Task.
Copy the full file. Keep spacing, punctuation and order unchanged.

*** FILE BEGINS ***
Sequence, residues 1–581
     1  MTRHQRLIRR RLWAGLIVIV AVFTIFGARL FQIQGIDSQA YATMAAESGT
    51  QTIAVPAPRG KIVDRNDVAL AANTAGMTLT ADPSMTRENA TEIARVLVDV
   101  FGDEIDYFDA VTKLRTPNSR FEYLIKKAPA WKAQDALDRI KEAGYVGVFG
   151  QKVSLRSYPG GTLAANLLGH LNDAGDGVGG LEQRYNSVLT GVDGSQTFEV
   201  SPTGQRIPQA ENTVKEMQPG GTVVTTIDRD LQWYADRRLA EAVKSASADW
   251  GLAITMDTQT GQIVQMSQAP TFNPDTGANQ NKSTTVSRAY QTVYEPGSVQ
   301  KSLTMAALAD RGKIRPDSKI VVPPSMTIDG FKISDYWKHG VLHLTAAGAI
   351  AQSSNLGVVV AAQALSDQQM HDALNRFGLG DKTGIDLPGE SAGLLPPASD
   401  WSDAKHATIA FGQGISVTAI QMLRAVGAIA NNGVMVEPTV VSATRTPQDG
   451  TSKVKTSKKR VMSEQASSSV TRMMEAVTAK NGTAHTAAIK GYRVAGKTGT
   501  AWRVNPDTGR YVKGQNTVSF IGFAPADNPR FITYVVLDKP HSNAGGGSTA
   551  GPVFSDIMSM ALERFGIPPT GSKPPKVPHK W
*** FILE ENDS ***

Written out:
Sequence, residues 1–581
     1  MTRHQRLIRR RLWAGLIVIV AVFTIFGARL FQIQGIDSQA YATMAAESGT
    51  QTIAVPAPRG KIVDRNDVAL AANTAGMTLT ADPSMTRENA TEIARVLVDV
   101  FGDEIDYFDA VTKLRTPNSR FEYLIKKAPA WKAQDALDRI KEAGYVGVFG
   151  QKVSLRSYPG GTLAANLLGH LNDAGDGVGG LEQRYNSVLT GVDGSQTFEV
   201  SPTGQRIPQA ENTVKEMQPG GTVVTTIDRD LQWYADRRLA EAVKSASADW
   251  GLAITMDTQT GQIVQMSQAP TFNPDTGANQ NKSTTVSRAY QTVYEPGSVQ
   301  KSLTMAALAD RGKIRPDSKI VVPPSMTIDG FKISDYWKHG VLHLTAAGAI
   351  AQSSNLGVVV AAQALSDQQM HDALNRFGLG DKTGIDLPGE SAGLLPPASD
   401  WSDAKHATIA FGQGISVTAI QMLRAVGAIA NNGVMVEPTV VSATRTPQDG
   451  TSKVKTSKKR VMSEQASSSV TRMMEAVTAK NGTAHTAAIK GYRVAGKTGT
   501  AWRVNPDTGR YVKGQNTVSF IGFAPADNPR FITYVVLDKP HSNAGGGSTA
   551  GPVFSDIMSM ALERFGIPPT GSKPPKVPHK W